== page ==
Dollar buying and selling spread goes as high as Rs13 in open market

KARACHI: The open market was marred with confusion as frustrated buyers and sellers of currency remained clueless on the future course of rupee-dollar parity.

Rife with rumours and reports of a massive inflow of dollars, dealers traded the two currencies with a spread as high as Rs13 in the open market on Saturday, uncertain on what the inter-bank exchange rate would be on Monday.

The dollar was being bought for as low as Rs113. In contrast, currency dealers were only willing to sell the US currency for around Rs124-126.

On Friday, The Express Tribune reported that China has agreed to lend $2 billion as an “official bilateral inflow”, a development that would ease pressure on Pakistan’s foreign currency reserves and the rupee that has shed around 22% since December 2017.

The rupee has recovered 0.5% in the ongoing week, closing at Rs127.86 in the inter-bank market on Friday.

However, on Saturday, and no inter-bank rate to go on, currency dealers were trading on speculation that the inter-bank rate would see some movement in favour of the rupee.

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The panic widened the spread between the buying and selling rates, and marks one of the rare occasions when the open-market rates were lower than the inter-bank’s.

A brief survey suggested currency dealers were buying dollars in the range of Rs113-122 and selling in the Rs115-126 bracket. A leading currency exchange also reported to have suspended trading three to four hours before the official closing time.

On Friday, the dollar closed at Rs126 and Rs127, respectively, in the open market.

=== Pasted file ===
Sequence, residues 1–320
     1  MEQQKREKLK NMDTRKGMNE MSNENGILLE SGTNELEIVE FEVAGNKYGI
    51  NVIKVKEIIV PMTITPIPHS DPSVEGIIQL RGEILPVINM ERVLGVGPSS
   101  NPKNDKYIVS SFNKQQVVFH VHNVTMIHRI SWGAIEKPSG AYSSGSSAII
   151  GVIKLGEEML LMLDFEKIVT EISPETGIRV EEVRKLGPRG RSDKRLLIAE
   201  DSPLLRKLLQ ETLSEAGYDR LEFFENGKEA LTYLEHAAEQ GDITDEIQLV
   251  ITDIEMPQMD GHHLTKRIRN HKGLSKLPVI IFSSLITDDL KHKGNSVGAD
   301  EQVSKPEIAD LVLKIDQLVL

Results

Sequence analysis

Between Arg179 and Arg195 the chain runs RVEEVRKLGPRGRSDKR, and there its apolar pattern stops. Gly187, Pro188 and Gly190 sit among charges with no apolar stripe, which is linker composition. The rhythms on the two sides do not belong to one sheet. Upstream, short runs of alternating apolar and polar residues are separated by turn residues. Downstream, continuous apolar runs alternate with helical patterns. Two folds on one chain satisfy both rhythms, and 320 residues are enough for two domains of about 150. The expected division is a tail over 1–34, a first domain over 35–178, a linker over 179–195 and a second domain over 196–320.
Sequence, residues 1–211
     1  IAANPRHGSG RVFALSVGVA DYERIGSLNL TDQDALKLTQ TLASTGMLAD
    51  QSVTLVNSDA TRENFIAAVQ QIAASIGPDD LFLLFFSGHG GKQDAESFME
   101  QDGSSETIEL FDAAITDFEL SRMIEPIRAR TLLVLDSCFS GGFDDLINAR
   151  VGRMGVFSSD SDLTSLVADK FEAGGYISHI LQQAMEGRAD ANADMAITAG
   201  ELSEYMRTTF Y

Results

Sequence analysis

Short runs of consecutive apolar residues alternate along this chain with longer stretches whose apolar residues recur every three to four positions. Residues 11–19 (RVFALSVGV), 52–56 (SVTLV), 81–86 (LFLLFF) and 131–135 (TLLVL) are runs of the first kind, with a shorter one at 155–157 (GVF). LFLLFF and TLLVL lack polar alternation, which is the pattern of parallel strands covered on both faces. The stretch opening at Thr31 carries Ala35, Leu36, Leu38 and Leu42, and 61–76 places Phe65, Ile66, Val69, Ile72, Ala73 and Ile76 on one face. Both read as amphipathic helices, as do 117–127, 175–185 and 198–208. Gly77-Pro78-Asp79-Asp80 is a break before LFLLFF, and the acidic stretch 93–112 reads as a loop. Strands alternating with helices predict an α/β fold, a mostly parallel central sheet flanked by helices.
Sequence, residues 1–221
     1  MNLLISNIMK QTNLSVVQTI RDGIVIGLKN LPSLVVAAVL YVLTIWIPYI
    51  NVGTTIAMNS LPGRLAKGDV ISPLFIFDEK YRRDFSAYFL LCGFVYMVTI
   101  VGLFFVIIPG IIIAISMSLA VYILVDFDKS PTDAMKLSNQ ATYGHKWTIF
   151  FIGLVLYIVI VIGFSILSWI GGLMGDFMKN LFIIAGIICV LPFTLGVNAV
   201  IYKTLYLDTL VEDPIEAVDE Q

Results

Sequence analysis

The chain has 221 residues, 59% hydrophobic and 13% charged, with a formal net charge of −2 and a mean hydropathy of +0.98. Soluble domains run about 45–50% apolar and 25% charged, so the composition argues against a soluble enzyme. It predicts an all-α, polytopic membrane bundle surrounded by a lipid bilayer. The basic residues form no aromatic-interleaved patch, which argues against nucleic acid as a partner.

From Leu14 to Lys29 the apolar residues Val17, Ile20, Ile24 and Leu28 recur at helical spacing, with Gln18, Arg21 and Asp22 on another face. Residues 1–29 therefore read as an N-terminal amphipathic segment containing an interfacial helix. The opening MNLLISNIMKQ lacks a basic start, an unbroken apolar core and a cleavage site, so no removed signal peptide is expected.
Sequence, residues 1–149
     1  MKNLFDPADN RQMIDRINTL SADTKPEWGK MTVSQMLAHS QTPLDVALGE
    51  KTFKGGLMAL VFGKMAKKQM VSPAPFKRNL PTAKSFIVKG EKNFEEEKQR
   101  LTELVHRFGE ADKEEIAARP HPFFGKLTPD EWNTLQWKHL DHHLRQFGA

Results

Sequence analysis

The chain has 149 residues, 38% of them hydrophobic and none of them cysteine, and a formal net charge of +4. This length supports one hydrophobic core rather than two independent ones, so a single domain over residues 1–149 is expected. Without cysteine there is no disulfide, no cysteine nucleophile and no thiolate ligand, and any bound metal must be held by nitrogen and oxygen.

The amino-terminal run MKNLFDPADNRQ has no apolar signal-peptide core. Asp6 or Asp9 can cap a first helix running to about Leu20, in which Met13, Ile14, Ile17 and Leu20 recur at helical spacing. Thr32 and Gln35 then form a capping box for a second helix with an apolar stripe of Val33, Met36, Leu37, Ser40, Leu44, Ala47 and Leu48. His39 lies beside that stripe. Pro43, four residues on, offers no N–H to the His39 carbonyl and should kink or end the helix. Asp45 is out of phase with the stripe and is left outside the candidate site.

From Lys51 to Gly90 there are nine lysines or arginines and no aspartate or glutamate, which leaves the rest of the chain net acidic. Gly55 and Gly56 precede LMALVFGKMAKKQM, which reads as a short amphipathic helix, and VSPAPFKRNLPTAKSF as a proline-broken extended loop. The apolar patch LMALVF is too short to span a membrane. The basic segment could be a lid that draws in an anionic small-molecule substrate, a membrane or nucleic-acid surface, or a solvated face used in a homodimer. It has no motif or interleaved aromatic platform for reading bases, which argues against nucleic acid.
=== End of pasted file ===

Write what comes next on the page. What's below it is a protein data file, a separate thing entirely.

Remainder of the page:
“We are selling the dollar at Rs126…and buying it at Rs115,” a Karachi-based currency dealer said, adding he has a high supply of dollars bought at a comparatively higher rate.

He said the low buying rate was based on expectation that the dollar would lose some of its strength on Monday.

“One can expect the rupee appreciate against the dollar in the inter-bank market on Monday,” State Bank of Pakistan (SBP) spokesman Abid Qamar told The Express Tribune on Saturday.

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“However, the actual exchange rate (rupee-dollar parity) would be known on Monday.”

National Bank of Pakistan (NBP) President and CEO Saeed Ahmad said he expects the dollar to weaken in inter-bank. “The rupee may settle at around Rs125 (to the US dollar) after China pledged to immediately provide $2 billion (to Pakistan).”

“Friendly countries are expected to give around $4 billion,” he said, adding the increase in supply should strengthen the rupee.

The country’s foreign currency reserves have dropped to an alarming level, amounting to $9 billion in the previous week.

The inter-bank market gives direction to open market dealers regarding currency prices. However, in rare cases, currency dealers tend to lead the way, especially when there is speculation involved.

“I cannot give you a concrete quotable price at which the dollar traded during the day as currency dealers sold and purchased dollars at a variety of rates,” said Pakistan Forex Association President Malik Bostan.

But on record, he said the association quoted closing buying and selling prices at Rs124 and Rs126, respectively.

“There were hardly 1% buyers…and 99% sellers in (the open) market (on Saturday),” he said.

A currency dealer at the Dollareast Exchange Company said they ended trading after the first half.

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“There is no supply and no demand for dollars. We ended the trades in the first half, offering a buying price of Rs121.

“We have (major) foreign currencies in adequate amounts to sell, but we have run out of cash (in rupee terms) as there were absolutely no buyers. All walk-in customers were sellers.”

He hoped the situation would go back to normal on Monday as the resumption in inter-bank market would give a clear direction to currency dealers.

The SBP spokesman said that the central bank has issued clear directives to currency dealers to completely halt the physical movement of dollars among cities and only move them through proper banking channels. This, he said, could be a reason behind the dollar plunge.

The directives came into effect on Tuesday (July 24).

Many dealers move dollars in physical form via air and/or roads traveling from head offices to branch offices nationwide.

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